4K OK // Testing 3840×2160
On July 2nd I picked up a Samsung LU28D590S, an entry-level Ultra High Definition (UHD) 28″ monitor, for can$655 (~us$612, €450, £357) after taxes. Since then I have been doing various tests to determine exactly which games support UHD and to what extent, as well as trying to get a sense of how it changes various games and software.
In this post I give a general review and opinion of the monitor and examine the viability of “4K” gaming.
Unboxing and Setup
The monitor comes with what you’d expect in the box – basic stand (no VESA mount option), power adaptor, display port and HDMI cables. The stand isn’t particularly sturdy and you don’t get any more adjustability than some forward/back tilt, however it does its job adequately.
The only thing of note on the back is the joystick-like knob on the right-hand side (bottom left in picture) which you use for controlling the on-screen display in a surprisingly intuitive way.
A general concern for many people purchasing monitors (or TVs) is the effective viewing angle. I can’t comment in terms of the maximum angles, but since I normally sit in the same position I haven’t had any issues with viewing angle at all. The screen doesn’t suffer from high reflectivity (unlike the 120hz 3D capable 24″ to the right of it in the above shots) and I’m satisfied with the colour and contrast. Crucially, the screen runs at 60Hz through display port. I have noticed slight, but not serious ghosting – I would have to do further testing to determine what settings on the monitor minimize this, but I’m not in a rush to do that.
Another serious consideration for potential users should be their eyesight. Standard sized text displayed at 2160p on a 28″ screen looks minuscule. I am very slightly near-sighted, but still have 20/20 vision (according to my optometrist) and so I find this scale entirely usable, but am acutely aware that many other people would not. In which case one would resort to Windows scaling to keep the high pixel density but make the GUI readable. Doing this somewhat negates one of the stand-out features of UHD, however, which is the vast amount of desktop real-estate it makes available. Also, Windows 8.1 scaling, as of the time of posting is not universally effective and rather fiddly to set up correctly. One might consider a physically larger monitor, however the minimum price to go from 28″ to 32″ UHD monitors is astronomical, from US$600 to US$3000+ virtually ruling that option out for people on any kind of budget.
To give a sense of the pixel density the following three images are comparison photos shot with a macro lens at the exact same distance from each screen. As you can see, the upper images, despite being on a physically smaller screen have significantly larger pixels and the individual RGB segments are readily visible. On the UHD screen though, even my macro lens has trouble clearly picking out individual pixels.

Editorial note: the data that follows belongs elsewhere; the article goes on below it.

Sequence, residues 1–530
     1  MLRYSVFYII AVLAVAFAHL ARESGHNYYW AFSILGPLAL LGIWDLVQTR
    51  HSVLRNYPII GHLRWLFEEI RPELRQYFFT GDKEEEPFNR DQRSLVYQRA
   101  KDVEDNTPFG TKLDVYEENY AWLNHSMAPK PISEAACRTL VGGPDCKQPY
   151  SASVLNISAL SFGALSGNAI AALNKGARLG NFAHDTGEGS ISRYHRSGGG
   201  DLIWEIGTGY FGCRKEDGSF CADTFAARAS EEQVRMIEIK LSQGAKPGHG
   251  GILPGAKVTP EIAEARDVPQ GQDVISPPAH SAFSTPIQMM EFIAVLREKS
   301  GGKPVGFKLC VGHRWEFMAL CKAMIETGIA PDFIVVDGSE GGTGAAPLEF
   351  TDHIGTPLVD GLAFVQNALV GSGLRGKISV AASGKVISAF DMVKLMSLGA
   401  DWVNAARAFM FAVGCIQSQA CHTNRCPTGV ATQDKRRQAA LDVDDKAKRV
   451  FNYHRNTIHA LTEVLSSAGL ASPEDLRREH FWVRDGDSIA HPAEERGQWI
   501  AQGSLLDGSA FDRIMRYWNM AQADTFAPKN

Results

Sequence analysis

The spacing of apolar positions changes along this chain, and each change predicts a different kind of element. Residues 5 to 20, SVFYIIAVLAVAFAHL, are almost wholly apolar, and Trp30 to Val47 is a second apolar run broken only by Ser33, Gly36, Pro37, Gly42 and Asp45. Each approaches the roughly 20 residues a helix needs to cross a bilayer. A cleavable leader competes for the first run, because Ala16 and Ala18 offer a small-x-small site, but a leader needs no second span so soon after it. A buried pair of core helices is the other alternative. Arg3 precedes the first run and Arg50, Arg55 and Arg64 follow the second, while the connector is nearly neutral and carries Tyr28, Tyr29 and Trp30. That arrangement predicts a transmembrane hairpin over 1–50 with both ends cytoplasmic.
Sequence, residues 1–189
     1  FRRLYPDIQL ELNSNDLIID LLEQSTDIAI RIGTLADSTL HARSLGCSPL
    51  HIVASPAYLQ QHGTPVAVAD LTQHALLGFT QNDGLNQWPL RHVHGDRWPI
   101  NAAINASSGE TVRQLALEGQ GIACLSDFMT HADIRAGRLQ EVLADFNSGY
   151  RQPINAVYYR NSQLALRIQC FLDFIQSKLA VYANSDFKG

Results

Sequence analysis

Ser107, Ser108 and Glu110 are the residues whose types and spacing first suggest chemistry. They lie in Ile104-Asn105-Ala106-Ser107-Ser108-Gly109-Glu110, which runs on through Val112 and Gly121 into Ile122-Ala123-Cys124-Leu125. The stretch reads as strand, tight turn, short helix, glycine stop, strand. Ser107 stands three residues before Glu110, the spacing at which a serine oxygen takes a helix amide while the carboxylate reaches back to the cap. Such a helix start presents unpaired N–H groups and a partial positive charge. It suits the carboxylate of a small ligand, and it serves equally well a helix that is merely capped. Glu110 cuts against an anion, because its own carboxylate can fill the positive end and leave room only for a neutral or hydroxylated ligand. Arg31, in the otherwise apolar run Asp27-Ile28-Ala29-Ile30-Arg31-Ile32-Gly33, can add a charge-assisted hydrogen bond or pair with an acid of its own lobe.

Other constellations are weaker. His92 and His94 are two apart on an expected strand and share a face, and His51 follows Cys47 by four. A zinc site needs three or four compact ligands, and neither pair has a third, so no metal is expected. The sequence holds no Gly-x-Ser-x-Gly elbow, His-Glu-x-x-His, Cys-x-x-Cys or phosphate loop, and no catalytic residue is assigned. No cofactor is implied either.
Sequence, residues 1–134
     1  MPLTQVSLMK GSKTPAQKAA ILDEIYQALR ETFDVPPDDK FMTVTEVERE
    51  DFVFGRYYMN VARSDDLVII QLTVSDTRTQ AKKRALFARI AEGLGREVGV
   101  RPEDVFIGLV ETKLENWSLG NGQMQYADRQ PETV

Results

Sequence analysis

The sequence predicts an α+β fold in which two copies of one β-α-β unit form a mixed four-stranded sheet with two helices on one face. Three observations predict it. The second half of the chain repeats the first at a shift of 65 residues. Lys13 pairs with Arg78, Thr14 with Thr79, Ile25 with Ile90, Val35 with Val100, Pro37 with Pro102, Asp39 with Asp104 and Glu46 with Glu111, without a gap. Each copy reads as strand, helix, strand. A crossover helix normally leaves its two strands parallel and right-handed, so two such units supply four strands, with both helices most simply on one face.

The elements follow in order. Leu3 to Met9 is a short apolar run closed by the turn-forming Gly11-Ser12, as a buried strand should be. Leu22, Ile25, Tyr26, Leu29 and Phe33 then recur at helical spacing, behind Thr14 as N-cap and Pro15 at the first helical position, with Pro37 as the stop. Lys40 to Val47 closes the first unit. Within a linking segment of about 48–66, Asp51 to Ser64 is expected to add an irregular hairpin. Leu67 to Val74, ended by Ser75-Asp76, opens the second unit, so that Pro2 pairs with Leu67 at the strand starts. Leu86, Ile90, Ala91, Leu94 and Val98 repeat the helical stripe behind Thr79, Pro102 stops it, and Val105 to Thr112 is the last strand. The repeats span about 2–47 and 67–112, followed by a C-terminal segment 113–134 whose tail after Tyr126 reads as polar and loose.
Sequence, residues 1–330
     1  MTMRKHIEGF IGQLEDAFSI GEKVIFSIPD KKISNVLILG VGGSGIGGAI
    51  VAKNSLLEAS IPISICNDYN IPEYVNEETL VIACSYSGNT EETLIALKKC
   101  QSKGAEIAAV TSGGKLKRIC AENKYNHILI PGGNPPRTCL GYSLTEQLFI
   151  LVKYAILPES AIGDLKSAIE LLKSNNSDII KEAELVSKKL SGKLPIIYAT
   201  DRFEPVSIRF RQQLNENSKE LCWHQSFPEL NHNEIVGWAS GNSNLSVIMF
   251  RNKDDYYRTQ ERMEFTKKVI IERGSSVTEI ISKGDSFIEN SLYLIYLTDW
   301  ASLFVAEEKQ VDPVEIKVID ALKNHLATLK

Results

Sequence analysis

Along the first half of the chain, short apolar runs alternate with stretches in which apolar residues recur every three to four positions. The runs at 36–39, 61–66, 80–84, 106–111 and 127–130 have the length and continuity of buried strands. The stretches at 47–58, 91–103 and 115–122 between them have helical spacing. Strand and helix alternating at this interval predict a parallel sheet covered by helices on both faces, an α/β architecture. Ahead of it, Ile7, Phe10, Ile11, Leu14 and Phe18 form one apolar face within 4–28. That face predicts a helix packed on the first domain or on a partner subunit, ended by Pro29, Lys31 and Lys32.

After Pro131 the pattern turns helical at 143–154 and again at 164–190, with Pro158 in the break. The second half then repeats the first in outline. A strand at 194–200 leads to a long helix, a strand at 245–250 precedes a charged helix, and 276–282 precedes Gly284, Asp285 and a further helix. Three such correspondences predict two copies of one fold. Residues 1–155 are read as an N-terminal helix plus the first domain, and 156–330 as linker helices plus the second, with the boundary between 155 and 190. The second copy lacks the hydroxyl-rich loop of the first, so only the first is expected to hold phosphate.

To give a sense of how vast UHD is compared with HD, the image below shows the entire width of my desktop which spans the four monitors at various common resolutions.
My initial impression is that, if you have the hardware to pump sufficient pixels – and you will need serious horsepower – to get a reasonably smooth framerate, gaming in UHD is a worthwhile improvement in visual experience. In terms of supporting hardware I couldn’t recommend anything less than an Intel i7 and GeForce 780 or similar AMD system for an acceptable experience with high settings in modern games.
Specifically for gaming, the pixel density is so high, than you can disable anti-aliasing and barely notice any difference in fidelity and the detail at such a high resolution makes play seem a more rich and vivid experience. I imagine the effect of the Occulus Rift would be more striking, but for the convenience of not having something attached to your head and current compatibility with a wide range of games and software, I could confidently recommend a UHD monitor (and the Samsung LU28D590S) of this quality, in this price-range as significant and satisfying upgrade from any lower resolution screen. That is, of course, bearing in mind the considerations I’ve mentioned above.
I do not consider this a comprehensive review, since I don’t have other UHD monitors or to compare this model against or precise objective testing methods and I’m not interested in giving this product a score-out-of-something anyway, but if there is something I didn’t mention and you have specific questions, ask in the comments and I’ll be sure to at least read what you have to say.
Game Compatibility Testing
The list below summarizes the progress my game compatibility testing. Thus far, I have tested 19 games at 3840×2160 resolution. Most seem to work straight away, a few require some tweaking and some I have been unable to get functioning at all yet or simply do not support it.
no issues | some issues |
not working or does not support
- Borderlands 2
- Counter-Strike Global Offensive
Empire Total War
- FIFA 13
- Frozen Synapse
GrandTheft Auto IV Episodes From Liberty City
- Grid Autosport
- MechWarrior Online
- Payday 2
- Planetary Annihilation
- PlanetSide 2
- Sniper Elite V2
- Star Citizen
- Super Street Fighter IV Arcade Edition
The Typing of the Dead Overkill
- Train Simulator 2014
- Trials Fusion
Showcase Screenshots From Games
Each of the images below (as with the photos above) links to a flickr page where you can choose to view the image fullscreen or, with a few more clicks at the original 3840×2160.